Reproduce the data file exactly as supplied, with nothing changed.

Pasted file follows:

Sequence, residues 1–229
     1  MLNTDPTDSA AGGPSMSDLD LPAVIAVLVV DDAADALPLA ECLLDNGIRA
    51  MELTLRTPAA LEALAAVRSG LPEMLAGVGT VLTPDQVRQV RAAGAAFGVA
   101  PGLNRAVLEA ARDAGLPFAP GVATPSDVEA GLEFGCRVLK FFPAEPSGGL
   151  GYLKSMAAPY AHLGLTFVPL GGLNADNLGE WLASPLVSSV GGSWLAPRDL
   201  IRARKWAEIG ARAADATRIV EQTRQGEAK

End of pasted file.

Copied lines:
Sequence, residues 1–229
     1  MLNTDPTDSA AGGPSMSDLD LPAVIAVLVV DDAADALPLA ECLLDNGIRA
    51  MELTLRTPAA LEALAAVRSG LPEMLAGVGT VLTPDQVRQV RAAGAAFGVA
   101  PGLNRAVLEA ARDAGLPFAP GVATPSDVEA GLEFGCRVLK FFPAEPSGGL
   151  GYLKSMAAPY AHLGLTFVPL GGLNADNLGE WLASPLVSSV GGSWLAPRDL
   201  IRARKWAEIG ARAADATRIV EQTRQGEAK